29/11/2022 – Modelling clothing with customers’ photos
Walmart introduces virtual try-on technology
Multinational retail corporation Walmart Inc, upgrades consumer experience for fashion and apparel through AI-powered virtual try-on technology.
The virtual try-on technology hails from Walmart’s 2021 acquisition of Zeekit and their virtual fitting room platform sited at Tel Aviv.
The “Be Your Own Model” concept allows online shoppers to visualize clothing on models that look like themselves in both appearance, body type and with their own skin tone using their own photos to see how clothing looks on them, instead of choosing one of the existing fashion models. Before, Walmart.com customers could select from among dozens of different models to find one who best looked like them to see how clothing would likely look on their own body, across a range of apparel items.
The computer vision and neural network-powered patented feature developed by the Israelian start-up is capable of analyzing catalog images of garments to create a dressed image. The use of neural networks helps to determine the different variations of a product, including size, color, and other factors – like fabric draping or sleeve length, for example.
A much more realistic image
Thus a much more realistic imagery becomes true than some other experiences where a photo is simply laid overtop another image, Walmart says. This makes it feel different from other technology, like AR-enabled shopping, notes Cheryl Ainoa, SVP of New Businesses and Emerging Tech, Walmart Global Tech. “Where we didn’t feel like customers were satisfied is that a lot of the AR experiences are basically the equivalent of taking and laying a flat image on top of a flat image,” she says. “That doesn’t let you actually experience what this article of clothing is going to look like on me.”
Initially, Walmart presented its virtual try-on options across models ranging in height between 157 cm and 183 and in sizes XS through XXXL across “thousands” of items. As of September 2022, this earlier iteration is now available on more than 270,000 items across both US brands like Champion, Levi’s, and Hanes, and Walmart’s portfolio of brands, including Sofia Active by Sofia Vergara, Love & Sports, ELOQUII Elements, Time & Tru, Athletic Works, Terra & Sky.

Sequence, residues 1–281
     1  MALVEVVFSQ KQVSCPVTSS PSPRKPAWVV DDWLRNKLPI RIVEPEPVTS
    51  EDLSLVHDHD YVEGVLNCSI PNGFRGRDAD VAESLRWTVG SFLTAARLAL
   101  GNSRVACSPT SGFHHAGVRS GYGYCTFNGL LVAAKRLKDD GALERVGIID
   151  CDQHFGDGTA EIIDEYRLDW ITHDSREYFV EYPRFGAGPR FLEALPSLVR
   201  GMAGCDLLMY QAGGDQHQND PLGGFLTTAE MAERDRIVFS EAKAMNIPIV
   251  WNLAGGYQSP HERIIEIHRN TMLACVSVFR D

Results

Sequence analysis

Personalized shopping experience
With the planned expansion, customers no longer have to only select from the available models on Walmart’s online marketplace. Instead, desktop shoppers on Walmart.com and users of Walmart’s mobile app will be able to use their own photos to create a more personalized shopping experience. This option is rolling out first to iOS users of the Walmart app and then to the web, with Android launching in the weeks ahead.
To get started, customers will first need to snap their photos with the Walmart iOS app to import their own images into the system. From there, they can then virtually try on any supported clothing items and see how it really looks. If signed in, the photo will remain associated with the customer’s account for future use but can be deleted at any time.
Minimize e-commerce returns
Walmart believes this sort of technology will go a long way to increase conversions and minimize returns – issues that still today plague online apparel shopping. According to Denise Incandela, Walmart EVP Apparel Division and Private Brands, the initial “Choose My Model” feature has already been successful on that front. “We’re very excited about the insights that came from [the ‘Choose My Model’ feature], which is why of course we expanded beyond the 50 models to the 120, and continue to invest in that,” she says. “We have seen right what we hoped to see in terms of improved conversion.” Walmart declined to share specific metrics on conversion increases, however, or the impact on returns, as the tech is still new.
Gamification of shopping
Walmart acknowledges that not everyone will want to use themselves as a fashion model, which is why it will continue to support the “Choose My Model” feature alongside the new addition. Still, the company’s long-term goal is to push more customers to use their own image to help them shop – whether that’s online or even in-store, as a way to skip the dressing room. The retailer also suspects it will continue to help drive conversions, as the earlier feature has done. “This will be the first time [customers] can see themselves. And they’re gonna see themselves on the product detail page; they’ll see themselves on the product landing page. Frankly, it’s why I was so excited to acquire the Zeekit product, to begin with – because gamification of shopping hasn’t really existed in the past... we think this is the future of shopping,” says Incandela. Farther down the road, Walmart wants to expand the technology to men’s and children’s apparel and even accessories, as well as introduce more brand integrations.